The sequined-covered gloves are off.
Voting began last week for the 2022 Tony Awards, honoring the best of Broadway on June 12 on CBS.
The race — capping off a bizarre year — is closer and meaner than it looks.
The battle that’s tightened considerably is Best Musical, and right now, it’s the late Michael Jackson vs. the composer Michael R. Jackson.
“A Strange Loop,” R. Jackson’s meta-musical about a young, gay, black musical theater writer who creates the very show audiences are watching, has been in the lead for weeks — buoyed by strong reviews in late April.
But sources said the race is now neck and neck between “Loop” and “MJ,” the musical about the King of Pop, Michael Jackson.
Some voters The Post spoke to aren’t as enamored with “Loop” as the critics were. Said one: “I think ‘MJ’ is a better musical than ‘Strange Loop,’ which is so very talented, but small.”
“Six: The Musical,” the royal pop concert from Britain, can’t be counted out, either, although as that same voter observed, “It might be this year’s ‘Wicked’ [a famous Best Musical Tony loser] and make the most money.”
Participation is the dilemma du jour. The always slim pool of about 846 voters — including everyone from theater landlords to actors, directors, producers and critics — has been decimated because of a reluctance to go back to the theater, especially during the fall and winter Omicron surge.
Because each person must prove they saw every nominee in a category to vote, a source estimated that there are just 500 eligible people to decide the musical winners (possibly even less for revival) and a meager 200 for the plays. That’s two-thirds of a dinner service at Sardi’s.
“This year, every vote counts,” the source said.
And so do the tactics to get ’em.
Productions, which until moments ago had been hesitant to host traditional opening-night parties, threw boozy bashes this month when the 100 out-of-town, so-called “road voters” came to New York to see the nominees and be feted.
“Six” hosted them for a bash at Sony Hall; “A Strange Loop” brought the fun to Margaritaville in Times Square; “Company” premiered a documentary about its creation at the SVA Theatre and had a soiree at a nearby art gallery, where nominees Patti LuPone and Matt Doyle held court. “MJ,” meanwhile, secured Tavern on the Green and had Andrew Lloyd Webber play DJ. (Although I’d rather hear him sing “Smooth Criminal.”)
“If there are only 500 voters for musicals, does it make road votes more important? I bet it does,” said one producer. “That bodes badly for ‘A Strange Loop.’ Good for ‘MJ.’ ” As another source put it: ” ‘A Strange Loop’ makes ‘Fun Home’ look like ‘The Sound of Music.’”
Not everyone is convinced of the power of “MJ.” “The show could take it if it weren’t for its terrified producer and cautious estate,” a source said, adding they’ve been tip-toeing due to Jackson’s controversies.
Best Actor in a Musical is another fun fight. Myles Frost, the charismatic 22-year-old actor who’s been a breakout star as Jackson, won’t stop till he gets a Tony, a source said. “He’s unbelievably ambitious.”
Frost is duking it out with another celebrated newcomer, Jaquel Spivey, 23, the excellent lead in “A Strange Loop,” who has been out sick the past several days, forcing producers to beg voters to reschedule. (The deadline to submit ballots is June 10.) And, of course, there’s Hugh Jackman, whose “The Music Man” is the only musical hit of the season, and who opened the road conference with a charming speech. One swooning visitor said Jackson and co-star Sutton Foster were “delightful” speakers.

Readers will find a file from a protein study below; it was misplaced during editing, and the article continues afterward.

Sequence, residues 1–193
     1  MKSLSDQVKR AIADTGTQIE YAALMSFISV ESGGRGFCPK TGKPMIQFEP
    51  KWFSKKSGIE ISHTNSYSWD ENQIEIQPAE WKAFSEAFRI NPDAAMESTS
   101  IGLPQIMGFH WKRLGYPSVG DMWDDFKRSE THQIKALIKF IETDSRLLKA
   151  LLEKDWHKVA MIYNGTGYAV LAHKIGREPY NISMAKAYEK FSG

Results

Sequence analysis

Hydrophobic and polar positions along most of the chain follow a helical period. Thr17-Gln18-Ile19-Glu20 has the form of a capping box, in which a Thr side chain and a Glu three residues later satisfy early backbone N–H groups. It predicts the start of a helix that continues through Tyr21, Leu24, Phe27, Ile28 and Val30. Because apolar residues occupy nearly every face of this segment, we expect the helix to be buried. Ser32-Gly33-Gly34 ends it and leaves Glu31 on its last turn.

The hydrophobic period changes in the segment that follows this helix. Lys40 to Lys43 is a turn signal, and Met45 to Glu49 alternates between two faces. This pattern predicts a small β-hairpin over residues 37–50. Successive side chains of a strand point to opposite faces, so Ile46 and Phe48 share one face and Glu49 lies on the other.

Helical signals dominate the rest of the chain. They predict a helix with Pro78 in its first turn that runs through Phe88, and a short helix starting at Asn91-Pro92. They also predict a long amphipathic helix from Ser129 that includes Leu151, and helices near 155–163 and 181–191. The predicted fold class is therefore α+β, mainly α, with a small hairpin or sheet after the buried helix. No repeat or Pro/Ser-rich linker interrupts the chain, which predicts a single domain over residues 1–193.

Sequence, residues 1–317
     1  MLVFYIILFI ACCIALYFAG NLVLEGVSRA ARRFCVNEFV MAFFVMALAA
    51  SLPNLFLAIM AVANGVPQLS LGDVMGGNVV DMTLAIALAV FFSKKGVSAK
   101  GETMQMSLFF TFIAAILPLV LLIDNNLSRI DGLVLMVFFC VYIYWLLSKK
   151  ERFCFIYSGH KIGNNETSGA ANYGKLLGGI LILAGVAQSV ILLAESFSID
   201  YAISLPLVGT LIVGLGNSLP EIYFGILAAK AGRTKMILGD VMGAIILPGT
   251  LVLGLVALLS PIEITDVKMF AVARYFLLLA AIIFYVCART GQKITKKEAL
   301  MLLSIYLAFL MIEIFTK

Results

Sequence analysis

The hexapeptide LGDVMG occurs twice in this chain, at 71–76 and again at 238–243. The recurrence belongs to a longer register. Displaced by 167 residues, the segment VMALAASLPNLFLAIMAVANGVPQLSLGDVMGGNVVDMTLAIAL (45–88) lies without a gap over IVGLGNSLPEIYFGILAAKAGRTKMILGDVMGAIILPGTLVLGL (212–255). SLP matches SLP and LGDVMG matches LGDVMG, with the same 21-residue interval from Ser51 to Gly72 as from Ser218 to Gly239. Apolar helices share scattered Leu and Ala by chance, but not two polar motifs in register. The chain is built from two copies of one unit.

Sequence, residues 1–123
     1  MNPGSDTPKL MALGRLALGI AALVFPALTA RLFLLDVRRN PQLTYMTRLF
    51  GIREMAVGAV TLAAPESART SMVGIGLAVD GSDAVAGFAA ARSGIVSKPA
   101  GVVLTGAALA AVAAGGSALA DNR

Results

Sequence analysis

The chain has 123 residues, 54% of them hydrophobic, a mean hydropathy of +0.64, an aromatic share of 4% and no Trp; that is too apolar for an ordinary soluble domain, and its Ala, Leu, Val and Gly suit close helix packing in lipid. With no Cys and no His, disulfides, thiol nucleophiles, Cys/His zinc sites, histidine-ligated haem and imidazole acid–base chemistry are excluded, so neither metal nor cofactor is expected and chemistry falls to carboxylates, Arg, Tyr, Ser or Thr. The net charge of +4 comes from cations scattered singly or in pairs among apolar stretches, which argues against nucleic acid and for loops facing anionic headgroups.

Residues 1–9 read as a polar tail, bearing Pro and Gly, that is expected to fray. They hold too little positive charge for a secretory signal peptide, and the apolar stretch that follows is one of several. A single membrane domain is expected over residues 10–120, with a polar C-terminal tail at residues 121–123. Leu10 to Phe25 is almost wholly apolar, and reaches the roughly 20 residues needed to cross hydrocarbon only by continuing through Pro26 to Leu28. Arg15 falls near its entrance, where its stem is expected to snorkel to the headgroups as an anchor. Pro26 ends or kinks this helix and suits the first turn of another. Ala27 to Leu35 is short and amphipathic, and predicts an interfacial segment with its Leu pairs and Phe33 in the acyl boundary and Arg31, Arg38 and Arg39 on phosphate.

While LuPone was once a shoo-in for Best Featured Actress in “Company,” there’s now momentum around L Morgan Lee of “A Strange Loop.” LuPone, sources say, will not drink to that.
The actress, who wants to take a third Tony home to her house in Connecticut, has been everywhere, including singing “The Ladies Who Lunch” on “The Late Show With Stephen Colbert” Tuesday night. She’s not kissing babies though — she’s demanding adults wear their f – – king masks.
“Company” will win Best Musical Revival, as Stephen Sondheim died mere months ago. And if anyone has forgotten that sad fact, the late composer’s face is currently on all their free commemorative Playbills.
The rare spot of stability is Best Play — a lock for “The Lehman Trilogy.” But that isn’t stopping its competition from airing their grievances.
Jeffrey Richards, producer of Best Play nominee “The Minutes,” sent out an email Wednesday to voters ripping the New York Times for its scant coverage of Tracy Letts’ dramedy — and boasting that his show managed to open despite the Armie Hammer sex scandal.
“We were surprised (but not astonished) that in the all important Tony issue of the Arts and Leisure section of the New York Times, we were the only Tony nominee in the Best Play category to not receive a single mention in the three major articles involving (1) a review of the season (2) a look at the major ensembles of the season and (3) a discussion from the major critics about the important works of the year,” Richards said.
Frankly the omissions not that all important. Last year’s Best Play winner, “The Inheritance,” wasn’t even a Times Critic’s Pick. A Broadway pundit agreed. “A Tony issue that’s only read on Ninth Avenue and 45th Street,” they said.
On Hammer, whose part was taken over by Noah Reid from “Schitt’s Creek”: “We overcame the obstacles of . . . [having] to replace a major artist who had been involved in a scandal that led to his decision to depart the production.”
Sorry about Arts & Leisure, Jeffrey. But you’re always welcome to complain to The Post!